Silver says: “COVID-19 has real parallels with climate change, just with greater urgency. The green-bond market supports the financing of an existential human threat – and we now have an even more pressing social and economic threat that needs addressing. We have a tool to do it, in the form of the social bond.”
While the immediate consequences of COVID-19 are horrific – the first-order death and health toll, of course, but also the devastating economic impact of protracted lockdowns and social-distancing measures – they will not be the pandemic’s only societal impact. Many believe social structures will change forever, including areas as significant as where people work and live, and how frequently and by what means they choose to travel.
Silver’s comments hint at the fundamental source of excitement about the role social finance could play. If the world is at least approaching consensus on the vast investment required to counter and mitigate global warming, perhaps it is also at a tipping point when it comes to understanding how a similar allocation of capital could change social conditions for the better.
COVID-19 could be the catalyst needed to give social issues the same prominence as environmental ones. Denise Odaro, head of investor relations at IFC in Washington and chair of ICMA’s social bond principles (SBP) working group, says: “COVID-19 is tragic but it is also an opportunity. It is like turning on the lights at the end of a party – it allows us to see the wreckage of the preceding hours. In this case, it represents a paradigm shift for social bonds.”
Embedding a social aspect into sustainable finance is also a focus in Australasia specifically. For instance, while the EU’s green-bond taxonomy, as its name implies, focuses almost exclusively on environmental outcomes any forthcoming Australian equivalent is likely to incorporate a social angle from the outset.
Katharine Tapley, head of sustainable finance at ANZ in Sydney, says the Australian Sustainable Finance Initiative (ASFI) is looking at social issues on an equal footing with environmental ones. The idea is not to deliver a local methodology for calculating the impact of social bonds but to introduce harmonisation language around social assets as a starting point.
ASFI’s approach is designed to align with how the Australian market and businesses are thinking more generally. Mark Peacock, Commonwealth Bank of Australia’s Sydney-based head of sustainable finance, says local big business is evolving its environmental, social and governance (ESG) thinking to reflect a greater emphasis on the social component.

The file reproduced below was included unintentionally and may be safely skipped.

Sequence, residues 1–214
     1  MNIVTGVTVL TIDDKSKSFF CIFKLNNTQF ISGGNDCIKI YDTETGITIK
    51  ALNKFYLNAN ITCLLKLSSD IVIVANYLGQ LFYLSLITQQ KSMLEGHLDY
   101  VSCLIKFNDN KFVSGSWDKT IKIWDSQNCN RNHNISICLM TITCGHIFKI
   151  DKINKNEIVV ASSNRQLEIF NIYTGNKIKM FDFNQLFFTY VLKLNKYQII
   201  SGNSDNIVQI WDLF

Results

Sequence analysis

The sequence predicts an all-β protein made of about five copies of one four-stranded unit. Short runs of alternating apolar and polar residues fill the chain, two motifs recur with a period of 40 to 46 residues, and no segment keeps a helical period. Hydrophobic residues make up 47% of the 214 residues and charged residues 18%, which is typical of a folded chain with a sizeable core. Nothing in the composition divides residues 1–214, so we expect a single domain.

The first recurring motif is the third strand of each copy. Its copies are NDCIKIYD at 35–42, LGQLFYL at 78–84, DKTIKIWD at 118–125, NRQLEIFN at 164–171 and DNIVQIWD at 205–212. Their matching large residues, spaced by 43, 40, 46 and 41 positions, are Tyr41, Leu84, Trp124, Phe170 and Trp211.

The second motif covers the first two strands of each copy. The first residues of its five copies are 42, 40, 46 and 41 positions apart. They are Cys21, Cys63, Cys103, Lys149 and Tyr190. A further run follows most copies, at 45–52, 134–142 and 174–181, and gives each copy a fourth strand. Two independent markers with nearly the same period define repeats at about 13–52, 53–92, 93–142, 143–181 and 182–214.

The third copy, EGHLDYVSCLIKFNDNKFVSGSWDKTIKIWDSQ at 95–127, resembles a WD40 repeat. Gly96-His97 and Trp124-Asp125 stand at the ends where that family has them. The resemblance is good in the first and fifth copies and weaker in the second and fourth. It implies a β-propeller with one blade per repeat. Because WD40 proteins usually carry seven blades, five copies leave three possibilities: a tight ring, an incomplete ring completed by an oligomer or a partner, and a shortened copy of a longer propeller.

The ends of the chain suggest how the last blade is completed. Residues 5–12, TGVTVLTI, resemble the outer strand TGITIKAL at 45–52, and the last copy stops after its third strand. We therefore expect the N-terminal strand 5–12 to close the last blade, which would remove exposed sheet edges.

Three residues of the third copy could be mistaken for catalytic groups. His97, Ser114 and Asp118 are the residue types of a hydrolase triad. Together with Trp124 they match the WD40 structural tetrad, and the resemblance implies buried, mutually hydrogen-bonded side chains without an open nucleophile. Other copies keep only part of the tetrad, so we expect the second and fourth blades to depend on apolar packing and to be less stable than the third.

COVID-19 is playing a role, but it is not the only factor. Peacock explains: “The pandemic has brought social finance to the front of mind, particularly in connection with things like the significance of healthcare systems and the impact of high unemployment on housing and welfare. But I think the Modern Slavery Act was a also major catalyst for boards, including the requirement on large companies to report on the social impact of their actions.”
There should therefore be plenty of appetite on the issuer side for the type of funding social bonds can provide. In fact, all else being equal there should be every reason to think the social-bond market could rapidly catch up with and even overtake green bonds. Unfortunately, all else is not equal.
One of the major challenges for social bonds has historically been the relative complexity of defining, measuring and reporting positive impact from underlying projects. To compare with green bonds, it tends to be easier to quantify emissions than the type of outcomes issuers might look to fund with a social bond.
“One of the most important factors for investors is impact, and this is not as easy to measure in the social space,” Utermarck acknowledges. “We have done a lot of work in this respect, including updating the SBP to define social issues and providing examples of output, outcome and impact in the harmonised framework for impact reporting for social bonds.”
The recent spike in interest in social bonds has coincided with a major update to the SBP, which ICMA published in June this year. A key goal of the update was to ease the path to market for issuers, including in the impact measurement and reporting area, while maintaining the rigour of the asset class (see box). The degree of impact the update will have remains to be seen. But ahead of the update’s adoption there can be no doubt that bringing a social bond to market represented more of a challenge to new issuers than the equivalent process in the green space.
NRW.BANK made its social-bond debut at the end of June this year with the print of a €1 billion (US$1.1 billion) 15-year line. The issuer’s social-bond programme aligns with five of the UN Sustainable Development Goals (SDGs): no poverty, quality education, decent work and economic growth, reduced inequality, and sustainable cities and communities.